Pulmonary artery pseudoaneurysm after a left upper sleeve lobectomy
© Bao et al.; licensee BioMed Central Ltd. 2013
Received: 27 February 2013
Accepted: 27 September 2013
Published: 13 October 2013
A 55-year-old man was re-admitted for persistent hemoptysis and high fever three weeks after an initial left upper sleeve lobectomy for a central squamous lung cancer tumor. Pulmonary artery pseudoaneurysm and pulmonary infection were confirmed by multidetector computed tomography angiography and subsequent emergency completion pneumonectomy. The development of pulmonary artery pseudoaneurysm, secondary to post-operative pulmonary infection and pulmonary vascular manipulation, is rare and prompt surgical manipulation is mandatory.
KeywordsAneurysm Lobectomy Reoperation Trauma
Multidetector computed tomography angiography
Pulmonary artery pseudoaneurysm.
Pulmonary artery pseudoaneurysm (PAP) is a rare but potentially lethal postoperative complication. In total, there have been no more than 50 such cases documented on PubMed, among which, only two cases have evolved after right lung lobectomy [1, 2]. We herein report a case of a PAP following a left upper sleeve lobectomy for a central squamous lung cancer tumor.
A 55-year-old man initially presented to our department with a 6-month refractory dry cough and bloody sputum. Physical examination and past medical history were unremarkable. Chest computed tomography (CT) showed a lesion in the left upper lobe with prominent obstructive lobar pneumonitis. Bronchoscopy revealed a neoplasm on the left superior lobar bronchus and mucosal swelling that extended to the distal end of the left main bronchus. Tissue biopsy confirmed a squamous cell carcinoma and sleeve lobectomy was scheduled after excluding remote metastasis.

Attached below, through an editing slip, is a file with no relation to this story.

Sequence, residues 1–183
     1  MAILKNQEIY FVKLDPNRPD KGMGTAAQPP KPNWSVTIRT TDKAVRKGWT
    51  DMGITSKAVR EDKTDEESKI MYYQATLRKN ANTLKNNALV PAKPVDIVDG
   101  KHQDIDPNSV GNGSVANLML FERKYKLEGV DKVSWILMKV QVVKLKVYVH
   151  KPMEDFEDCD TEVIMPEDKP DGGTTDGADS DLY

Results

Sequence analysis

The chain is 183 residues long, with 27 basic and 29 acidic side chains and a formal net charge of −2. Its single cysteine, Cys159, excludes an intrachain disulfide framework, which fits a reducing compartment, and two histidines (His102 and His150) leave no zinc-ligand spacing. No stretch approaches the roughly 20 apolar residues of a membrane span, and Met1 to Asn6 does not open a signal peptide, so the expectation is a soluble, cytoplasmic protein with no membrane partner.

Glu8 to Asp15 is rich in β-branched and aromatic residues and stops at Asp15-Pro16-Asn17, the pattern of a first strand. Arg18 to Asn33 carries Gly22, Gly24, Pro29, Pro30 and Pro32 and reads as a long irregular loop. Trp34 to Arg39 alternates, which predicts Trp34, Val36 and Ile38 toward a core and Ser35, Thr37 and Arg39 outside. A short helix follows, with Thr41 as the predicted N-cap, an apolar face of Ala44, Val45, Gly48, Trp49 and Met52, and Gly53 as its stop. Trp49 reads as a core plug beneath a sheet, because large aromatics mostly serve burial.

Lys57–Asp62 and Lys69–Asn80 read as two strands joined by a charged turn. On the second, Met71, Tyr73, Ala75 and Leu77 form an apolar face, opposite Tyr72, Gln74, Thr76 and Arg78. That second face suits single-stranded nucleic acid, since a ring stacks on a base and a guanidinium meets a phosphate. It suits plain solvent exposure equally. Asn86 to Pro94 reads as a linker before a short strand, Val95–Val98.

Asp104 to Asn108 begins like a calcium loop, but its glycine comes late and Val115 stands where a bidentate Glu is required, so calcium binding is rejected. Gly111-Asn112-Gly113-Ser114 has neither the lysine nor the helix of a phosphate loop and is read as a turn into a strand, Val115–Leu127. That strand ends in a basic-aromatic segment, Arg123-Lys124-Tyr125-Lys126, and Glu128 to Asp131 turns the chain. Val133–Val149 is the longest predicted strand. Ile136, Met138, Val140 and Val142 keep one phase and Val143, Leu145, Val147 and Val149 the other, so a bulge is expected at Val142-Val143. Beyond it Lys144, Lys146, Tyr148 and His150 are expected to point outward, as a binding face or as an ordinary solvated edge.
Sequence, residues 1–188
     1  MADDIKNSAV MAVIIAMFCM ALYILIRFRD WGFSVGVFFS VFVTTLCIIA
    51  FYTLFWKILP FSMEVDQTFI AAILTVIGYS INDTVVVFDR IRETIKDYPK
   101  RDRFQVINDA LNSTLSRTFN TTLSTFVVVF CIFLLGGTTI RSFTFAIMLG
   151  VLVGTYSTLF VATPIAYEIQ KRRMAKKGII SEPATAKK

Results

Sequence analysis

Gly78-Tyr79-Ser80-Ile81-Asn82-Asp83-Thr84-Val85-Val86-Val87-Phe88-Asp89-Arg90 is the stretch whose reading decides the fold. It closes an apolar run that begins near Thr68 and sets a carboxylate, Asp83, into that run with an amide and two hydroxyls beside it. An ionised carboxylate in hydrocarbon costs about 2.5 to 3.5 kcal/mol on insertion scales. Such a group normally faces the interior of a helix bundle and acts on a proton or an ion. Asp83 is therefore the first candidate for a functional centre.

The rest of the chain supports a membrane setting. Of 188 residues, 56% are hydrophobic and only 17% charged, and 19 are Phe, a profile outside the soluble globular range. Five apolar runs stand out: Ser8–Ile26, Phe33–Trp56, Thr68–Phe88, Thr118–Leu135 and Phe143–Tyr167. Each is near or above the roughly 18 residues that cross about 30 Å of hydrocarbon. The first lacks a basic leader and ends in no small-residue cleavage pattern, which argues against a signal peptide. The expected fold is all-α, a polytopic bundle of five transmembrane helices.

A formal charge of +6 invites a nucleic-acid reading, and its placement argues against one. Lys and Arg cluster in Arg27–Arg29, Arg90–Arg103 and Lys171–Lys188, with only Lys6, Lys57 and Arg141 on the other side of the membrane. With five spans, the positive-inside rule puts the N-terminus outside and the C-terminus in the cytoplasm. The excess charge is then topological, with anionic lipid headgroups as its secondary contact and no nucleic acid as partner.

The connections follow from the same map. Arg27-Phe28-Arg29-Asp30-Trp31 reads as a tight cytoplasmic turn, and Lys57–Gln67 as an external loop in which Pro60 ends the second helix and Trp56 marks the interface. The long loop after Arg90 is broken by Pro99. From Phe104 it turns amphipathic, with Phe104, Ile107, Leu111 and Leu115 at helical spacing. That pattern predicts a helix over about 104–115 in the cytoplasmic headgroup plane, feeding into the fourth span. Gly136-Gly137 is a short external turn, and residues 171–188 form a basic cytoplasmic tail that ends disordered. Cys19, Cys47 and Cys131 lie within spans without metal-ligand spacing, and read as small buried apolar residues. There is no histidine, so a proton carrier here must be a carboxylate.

A routine sleeve lobectomy was performed via open thoracotomy. Three rings of the distal left lower main bronchus were removed and end-to-end bronchial reconstruction was performed after confirming negative margins by frozen section. The bronchial anastomosis was enveloped tightly with a pedicled parietal pleura. Mediastinal nodal dissection was also completed and included stations 4–9. However, when the anesthesiologist inflated the remnant lung, we noticed an obviously tortuous pulmonary artery due to a lengthy resection of the main bronchus. Therefore, we decided to shorten the artery correspondingly. Considering that a sleeve resection of the pulmonary artery was time-consuming, a latitude-direction enfolding was performed with a continuous running suture with a 5–0 Prolene. Meticulous inspection of the pulmonary artery found neither sub-mucous hematoma nor occlusion or narrowing of the artery. The patient recovered well and was discharged on the ninth post-operative day. The final pathology confirmed squamous cell carcinoma of the left upper lung at stage p-T2N0M0 IB.
Unfortunately, the patient experienced a persistently high fever over 39°C with dark-yellow sputum five days after discharge and mild hemoptysis another two days later. A chest CT examination at a local hospital revealed obvious left pneumonia with moderate pleural effusion. No artery abnormality was reported. Following, imipenem was administered and symptoms of infection resolved one week later; however, the symptom of hemoptysis prolonged and the patient was re-admitted to our hospital.